his generals, security officials and confidants to him, they can throw
away the key," said Michael Amitay, head of the Washington Kurdish
Institute, which received a share of the $10 million spent by the U.S.
government to gather evidence against Hussein and his lieutenants.
Problems and Potential

The Hussein government's repeated assaults on Kurds illustrate the
problems and the potential of a case against Hussein for genocide or
crimes against humanity. Human rights workers who have studied the
documents say they have found no direct command from Hussein to target
the Kurds.

Details of the Anfal campaign are well known, thanks to the seizure of
documents after the Persian Gulf War, when northern Iraq came under the
protection of the United States and Britain. Working with Human Rights
Watch, the U.S. military hauled 18 tons of documents to Washington,
where staff members spent years building a genocide case.

"There's going to be pretty clear documentary evidence that this was not
a rogue operation," said Kenneth Roth, executive director of Human
Rights Watch. "This was a very well-planned and orchestrated operation
to smoke Kurds out of the highlands using chemical weapons, to round
them up on the plains, and to truck the men and boys to remote locations
for execution."

A delegation of Iraq's current leaders, dispatched Dec. 14 to confirm
the identity of the newly captured Hussein, asked him about the attack
on Halabja. He told the delegation Iran was responsible. He insisted
that he ran a just society. He has long dismissed allegations of
brutality against the Shiites by declaring that Iraqi troops acted
within their rights to crush an insurgency.

Investigators expect last year's capture of central and southern Iraq to
yield incriminating files from a government that documented its
operations in often extraordinary detail. Documents that could fill
seven miles of shelves were in the custody of the U.S. Iraq Survey Group
by July. Many more are scattered among Iraqi political parties and other

Countless Iraqis have told stories of brutality and oppression since
Hussein's government fell on April 9, a trend that his arrest appears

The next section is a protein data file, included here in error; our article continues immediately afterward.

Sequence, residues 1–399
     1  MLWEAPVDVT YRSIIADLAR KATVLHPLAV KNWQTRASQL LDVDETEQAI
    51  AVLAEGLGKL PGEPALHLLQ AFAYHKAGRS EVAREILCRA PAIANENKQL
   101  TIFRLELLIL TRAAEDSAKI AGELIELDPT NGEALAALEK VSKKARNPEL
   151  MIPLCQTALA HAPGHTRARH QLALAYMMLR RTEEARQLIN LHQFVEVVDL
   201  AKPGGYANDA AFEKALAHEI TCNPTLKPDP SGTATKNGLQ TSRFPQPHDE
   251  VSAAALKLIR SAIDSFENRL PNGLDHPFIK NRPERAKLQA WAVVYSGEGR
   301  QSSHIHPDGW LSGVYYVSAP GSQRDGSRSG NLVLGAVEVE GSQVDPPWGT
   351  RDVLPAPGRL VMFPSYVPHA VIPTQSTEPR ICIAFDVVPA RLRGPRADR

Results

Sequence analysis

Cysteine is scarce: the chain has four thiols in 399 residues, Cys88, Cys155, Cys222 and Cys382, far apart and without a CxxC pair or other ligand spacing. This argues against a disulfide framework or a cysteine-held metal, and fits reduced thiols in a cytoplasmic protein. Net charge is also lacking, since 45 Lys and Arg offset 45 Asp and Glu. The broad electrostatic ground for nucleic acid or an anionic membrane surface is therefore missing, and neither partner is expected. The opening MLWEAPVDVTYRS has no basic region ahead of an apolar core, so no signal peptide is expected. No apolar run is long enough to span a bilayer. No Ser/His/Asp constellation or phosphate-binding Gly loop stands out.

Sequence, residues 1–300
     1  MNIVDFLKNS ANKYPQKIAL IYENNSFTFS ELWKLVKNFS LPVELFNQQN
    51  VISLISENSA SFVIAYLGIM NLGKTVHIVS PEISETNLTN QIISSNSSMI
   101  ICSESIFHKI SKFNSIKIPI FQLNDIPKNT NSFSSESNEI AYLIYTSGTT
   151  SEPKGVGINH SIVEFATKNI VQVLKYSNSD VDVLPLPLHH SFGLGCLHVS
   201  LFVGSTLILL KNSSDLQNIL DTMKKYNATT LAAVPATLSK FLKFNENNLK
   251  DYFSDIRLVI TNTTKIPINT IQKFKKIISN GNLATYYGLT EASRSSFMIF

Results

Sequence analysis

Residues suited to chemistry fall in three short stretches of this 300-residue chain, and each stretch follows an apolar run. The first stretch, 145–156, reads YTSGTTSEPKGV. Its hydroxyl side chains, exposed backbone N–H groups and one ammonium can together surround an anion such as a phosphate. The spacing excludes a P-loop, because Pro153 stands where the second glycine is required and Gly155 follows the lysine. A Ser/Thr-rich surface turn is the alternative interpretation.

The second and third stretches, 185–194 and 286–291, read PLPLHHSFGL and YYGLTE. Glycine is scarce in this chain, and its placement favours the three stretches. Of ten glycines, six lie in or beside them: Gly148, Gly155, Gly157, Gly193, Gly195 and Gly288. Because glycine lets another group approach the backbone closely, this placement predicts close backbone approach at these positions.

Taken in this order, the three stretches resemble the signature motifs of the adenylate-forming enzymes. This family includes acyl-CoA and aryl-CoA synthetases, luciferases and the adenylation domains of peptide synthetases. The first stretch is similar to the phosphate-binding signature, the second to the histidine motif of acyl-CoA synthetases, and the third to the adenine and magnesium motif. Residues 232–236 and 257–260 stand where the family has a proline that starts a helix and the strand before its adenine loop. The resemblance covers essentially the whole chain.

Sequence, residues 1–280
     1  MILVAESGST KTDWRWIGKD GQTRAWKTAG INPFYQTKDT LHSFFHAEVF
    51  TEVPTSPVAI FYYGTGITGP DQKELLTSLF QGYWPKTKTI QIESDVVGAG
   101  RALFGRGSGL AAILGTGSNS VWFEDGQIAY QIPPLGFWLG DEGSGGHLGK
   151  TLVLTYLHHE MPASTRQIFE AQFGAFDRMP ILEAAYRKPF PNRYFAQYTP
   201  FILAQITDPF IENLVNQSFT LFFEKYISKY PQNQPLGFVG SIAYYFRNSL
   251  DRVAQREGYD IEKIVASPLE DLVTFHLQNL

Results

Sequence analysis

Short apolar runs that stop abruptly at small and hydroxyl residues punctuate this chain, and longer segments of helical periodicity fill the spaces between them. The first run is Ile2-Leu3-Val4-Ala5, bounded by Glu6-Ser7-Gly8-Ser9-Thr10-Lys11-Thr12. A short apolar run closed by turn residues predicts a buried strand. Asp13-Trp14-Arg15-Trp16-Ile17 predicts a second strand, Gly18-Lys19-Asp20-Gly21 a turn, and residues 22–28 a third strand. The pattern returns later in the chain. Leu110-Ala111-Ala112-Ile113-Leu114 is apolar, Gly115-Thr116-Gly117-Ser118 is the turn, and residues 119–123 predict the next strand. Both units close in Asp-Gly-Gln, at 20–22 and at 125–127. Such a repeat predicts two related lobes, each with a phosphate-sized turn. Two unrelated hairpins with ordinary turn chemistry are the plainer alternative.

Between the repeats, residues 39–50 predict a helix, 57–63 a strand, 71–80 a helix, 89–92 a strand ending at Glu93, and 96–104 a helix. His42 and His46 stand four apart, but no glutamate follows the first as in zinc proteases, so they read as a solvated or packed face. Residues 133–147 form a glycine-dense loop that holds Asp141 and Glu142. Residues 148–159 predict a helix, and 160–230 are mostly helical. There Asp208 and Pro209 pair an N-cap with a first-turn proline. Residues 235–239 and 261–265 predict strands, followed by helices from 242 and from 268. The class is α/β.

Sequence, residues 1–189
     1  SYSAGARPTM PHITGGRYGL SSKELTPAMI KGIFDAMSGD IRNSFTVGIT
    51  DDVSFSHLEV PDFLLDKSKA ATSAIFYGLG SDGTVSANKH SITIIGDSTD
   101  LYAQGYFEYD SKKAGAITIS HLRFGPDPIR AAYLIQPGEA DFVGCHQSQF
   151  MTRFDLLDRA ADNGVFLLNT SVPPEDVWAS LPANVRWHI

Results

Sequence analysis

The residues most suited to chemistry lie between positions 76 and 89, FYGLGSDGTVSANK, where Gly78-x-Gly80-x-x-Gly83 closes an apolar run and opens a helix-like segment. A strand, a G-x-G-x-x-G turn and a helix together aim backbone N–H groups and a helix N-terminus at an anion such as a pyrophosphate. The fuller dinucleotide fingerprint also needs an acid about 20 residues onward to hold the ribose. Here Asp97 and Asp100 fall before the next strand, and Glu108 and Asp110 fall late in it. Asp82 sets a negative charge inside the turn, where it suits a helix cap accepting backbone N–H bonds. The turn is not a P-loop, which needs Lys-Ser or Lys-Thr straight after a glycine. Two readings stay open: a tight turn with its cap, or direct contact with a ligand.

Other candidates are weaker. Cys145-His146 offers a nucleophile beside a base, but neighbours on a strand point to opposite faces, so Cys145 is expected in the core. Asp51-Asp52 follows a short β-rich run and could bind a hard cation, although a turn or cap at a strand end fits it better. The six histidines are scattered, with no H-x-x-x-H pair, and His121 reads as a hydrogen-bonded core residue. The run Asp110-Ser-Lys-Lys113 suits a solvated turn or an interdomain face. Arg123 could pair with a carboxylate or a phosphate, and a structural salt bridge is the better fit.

likely to intensify. U.S. forces are holding at least three dozen men
who served in top jobs in the Hussein government.

"Everyone is out to save himself or herself at this stage," said David
Scheffer, former U.S. ambassador for war crimes, who perceives "a lot of
potential for witness testimony from the highest levels."

Human rights workers and international legal advocates fear that
pressure for vengeance inside Iraq will force a trial that fails to
measure up to international legal standards -- and does not reach deeply
enough into Iraq's past horrors.

"This has to be done methodically and systematically. It's largely a
question of a rush to closure," said Mneimneh, whose research is part of
a broader effort to document Iraq's recent past. "Iraqi society at large
is willing to let it happen because, at the end, Saddam is going to be
executed, which is what they want to happen."

Some of Hussein's accusers said a murder conviction could be a simple --
if potentially unsatisfying -- way forward. During a 1982 Cabinet
meeting, according to author Said K. Aburish, Hussein took issue with
his health minister, Riyadh Ibrahim. The Iraqi leader invited Ibrahim to
step into the next room. Ministers heard a shot, and Hussein returned alone.

No one heard from Ibrahim again.


Message: 3
Date: Sun, 04 Jan 2004 10:08:55 +0100
From: =?ISO-8859-1?Q?Per_Klevn=E4s?= <>
Subject: Power Transfer in Iraq Starts This Week
Power Transfer in Iraq Starts This Week
Deadline for Completion Is Set as Talks Continue

By Robin Wright and Rajiv Chandrasekaran
Washington Post Staff Writers
Sunday, January 4, 2004; Page A01

After eight months of debate and delay, the United States this week will
formally launch the handover of power to Iraq with the final game plan
still not fully in place.

The United States begins the complicated political, economic and
security transfer with a general framework and a June 30 deadline for
completion. But critical details are still being negotiated between the
Iraqis and U.S. administrator L. Paul Bremer, some of which could
determine whether the new Iraqi government is ultimately embraced by the
majority of Iraq's 22 million people.

"We're open to refinement, and we're waiting to hear what people have
suggested or will suggest," Secretary of State Colin L. Powell said in
an interview. "What Ambassador Bremer and all of us have been doing in
our conversations is listening and hearing and [saying], 'Are there
better ideas that would make the plan more refined, better and more
acceptable to a broader group of individuals and leaders within Iraq?' "
Besides figuring out who will rule in Saddam Hussein's wake, Iraqis over
the next two months will have to answer a host of deferred and